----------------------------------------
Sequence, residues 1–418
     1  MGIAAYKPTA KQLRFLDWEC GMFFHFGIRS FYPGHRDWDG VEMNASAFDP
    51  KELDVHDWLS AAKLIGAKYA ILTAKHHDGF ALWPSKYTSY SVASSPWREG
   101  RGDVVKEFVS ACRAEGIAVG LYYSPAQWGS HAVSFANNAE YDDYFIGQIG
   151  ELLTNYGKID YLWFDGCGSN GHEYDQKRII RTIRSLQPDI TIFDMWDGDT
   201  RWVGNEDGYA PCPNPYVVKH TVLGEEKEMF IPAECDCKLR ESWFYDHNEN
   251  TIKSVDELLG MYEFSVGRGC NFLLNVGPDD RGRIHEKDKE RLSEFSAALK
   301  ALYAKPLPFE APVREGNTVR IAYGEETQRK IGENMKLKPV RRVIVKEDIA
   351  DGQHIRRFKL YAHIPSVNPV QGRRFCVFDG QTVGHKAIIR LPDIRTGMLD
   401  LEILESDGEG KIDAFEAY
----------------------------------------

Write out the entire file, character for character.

Sequence, residues 1–418
     1  MGIAAYKPTA KQLRFLDWEC GMFFHFGIRS FYPGHRDWDG VEMNASAFDP
    51  KELDVHDWLS AAKLIGAKYA ILTAKHHDGF ALWPSKYTSY SVASSPWREG
   101  RGDVVKEFVS ACRAEGIAVG LYYSPAQWGS HAVSFANNAE YDDYFIGQIG
   151  ELLTNYGKID YLWFDGCGSN GHEYDQKRII RTIRSLQPDI TIFDMWDGDT
   201  RWVGNEDGYA PCPNPYVVKH TVLGEEKEMF IPAECDCKLR ESWFYDHNEN
   251  TIKSVDELLG MYEFSVGRGC NFLLNVGPDD RGRIHEKDKE RLSEFSAALK
   301  ALYAKPLPFE APVREGNTVR IAYGEETQRK IGENMKLKPV RRVIVKEDIA
   351  DGQHIRRFKL YAHIPSVNPV QGRRFCVFDG QTVGHKAIIR LPDIRTGMLD
   401  LEILESDGEG KIDAFEAY